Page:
Four key steps to an equitable economic future from innovators and leaders at the 2022 summit.
At this “heavy” moment in our country’s history, it’s easy to want to give up, Jobs for the Future CEO Maria Flynn told an overflow crowd at JFF’s annual Horizons summit in New Orleans. Our learners and workers are weighed down by seemingly insurmountable forces: the pandemic, a volatile economy and uncertain job market, partisan divides, and structural racism.
But instead of choosing to “throw in the towel, head on over to Bourbon Street, and leave it for someone else to figure out . . . let’s leverage the frustration and uncertainty we’re feeling to drive our desire for a better future and work together,” Flynn said. “We need to embrace new ways of thinking, new ways of operating, and new ways of collaborating.”
More than 1,000 leaders and innovators from postsecondary education, workforce development, corporations, philanthropy, technology, policy, and other sectors gathered last week for JFF’s first in-person national summit since 2018.
Flynn and other speakers urged attendees to “see beyond” what seems possible today and envision a new ecosystem of learning and work that centers the needs of learners and workers. It must be intentional about dismantling the structural racism embedded in postsecondary education and the labor market, and emphasize collaboration to solve the big-picture problems affecting our country’s families, communities, and economies.
“Everything that matters truly to us are things we can’t do on our own,” said keynote speaker Heather McGhee, author of The Sum of Us: What Racism Costs Everyone and How We Can Prosper Together. “It’s that collective problem solving that is harmed most when some of our best players are left on the sidelines” due to racist practices, policies, and systems.
McGhee and other plenary speakers—including podcaster Kara Swisher, and Nike’s Jordan Brand CEO Larry Miller—all touched on themes of inclusion, transformation, and people-centered work and learning ecosystems. Here are four key collaborative takeaways:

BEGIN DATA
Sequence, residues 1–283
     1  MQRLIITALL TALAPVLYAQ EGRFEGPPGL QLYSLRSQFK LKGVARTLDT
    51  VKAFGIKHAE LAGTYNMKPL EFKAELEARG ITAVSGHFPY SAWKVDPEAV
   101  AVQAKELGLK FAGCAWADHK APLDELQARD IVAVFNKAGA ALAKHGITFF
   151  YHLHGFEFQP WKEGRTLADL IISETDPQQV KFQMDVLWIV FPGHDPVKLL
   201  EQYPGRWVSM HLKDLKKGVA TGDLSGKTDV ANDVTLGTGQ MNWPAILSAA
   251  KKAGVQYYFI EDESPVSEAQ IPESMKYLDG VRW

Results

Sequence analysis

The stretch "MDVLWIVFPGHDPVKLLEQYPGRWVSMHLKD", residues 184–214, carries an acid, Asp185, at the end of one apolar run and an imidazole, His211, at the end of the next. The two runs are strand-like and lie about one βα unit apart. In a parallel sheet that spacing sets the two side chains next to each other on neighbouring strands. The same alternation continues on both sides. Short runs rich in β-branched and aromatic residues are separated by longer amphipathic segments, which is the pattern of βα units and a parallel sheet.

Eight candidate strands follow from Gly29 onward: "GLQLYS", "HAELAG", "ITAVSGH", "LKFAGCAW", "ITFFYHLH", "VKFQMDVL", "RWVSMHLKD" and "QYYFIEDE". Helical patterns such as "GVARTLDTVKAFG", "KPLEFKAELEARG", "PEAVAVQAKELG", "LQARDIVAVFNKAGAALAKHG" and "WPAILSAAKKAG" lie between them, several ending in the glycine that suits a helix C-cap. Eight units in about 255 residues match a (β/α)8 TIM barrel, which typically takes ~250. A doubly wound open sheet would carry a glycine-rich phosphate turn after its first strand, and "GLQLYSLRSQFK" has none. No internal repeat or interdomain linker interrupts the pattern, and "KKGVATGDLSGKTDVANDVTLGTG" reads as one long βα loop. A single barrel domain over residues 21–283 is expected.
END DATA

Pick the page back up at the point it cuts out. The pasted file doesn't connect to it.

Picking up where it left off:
- Don’t Keep Talent from The Table
- Put Learners at the Center of Education
- In Tech, Be the Federation, Not the Empire
- Partner or Perish
Don’t Keep Talent From the Table
Structural barriers and gatekeeping—from hiring bias against people who have been incarcerated to systemic racism that prevents Black Americans from building wealth—aren’t just a diversity problem for companies and institutions to solve, said McGhee. They’re preventing us from solving some of our greatest global problems, from the climate crisis to health care disparities. McGhee spoke of the “zero-sum lie” that perpetuates the idea of finite opportunities and resources—an idea, she said, most frequently adopted by white people, and used as a reason to exclude Black people from quality education, success, and economic advancement.
Leaders in fair-chance and skills-based hiring encouraged employers and institutions to take action to minimize zero-sum thinking. Ken Oliver, executive director of the Checkr Foundation, which promotes fair-chance hiring and advancement for people who were formerly incarcerated, said it’s essential to start career training inside prisons so we can place people who are reentering the community “in positions all across the corporate ladder,” not just entry-level jobs. “I don’t want people to lower the bar. I want people to lower the barriers.”
He pointed to Jordan Brand’s Miller, who was incarcerated as a teenager and now runs a multi-billion-dollar business, as the ultimate example of why employers should not only hire people with criminal records but create opportunities for them to thrive.
“Where this country is today, there’s an incredible need for more talent, more creativity, more intelligence, and a lot of that is being wasted away inside prisons and penitentiaries,” Miller said. “For businesses and companies who understand that opportunity and get out ahead of it, I think that’s going to be a major benefit for them in the long run.”
Conversations focused on expanding educational pathways for learners, including both innovative degree programs and other learning opportunities. Byron Auguste, president and cofounder of Opportunity@Work, announced a new initiative called “The Paper Ceiling,” designed to name and dismantle the invisible barriers to advancement created through degree-based hiring for “STARs,” individuals who are Skilled Through Alternative Routes. And LaShana Lewis, a DEI and nonprofit consultant, left everyone with a call to action: find five open roles in your company, she advised, and rework the job descriptions to remove the degree requirement.
Put Learners at the Center of Education
Scott Pulsipher, the president of Western Governors University, offered a single-word assessment of the pandemic-inspired transition of colleges to online learning: “Rubbish.”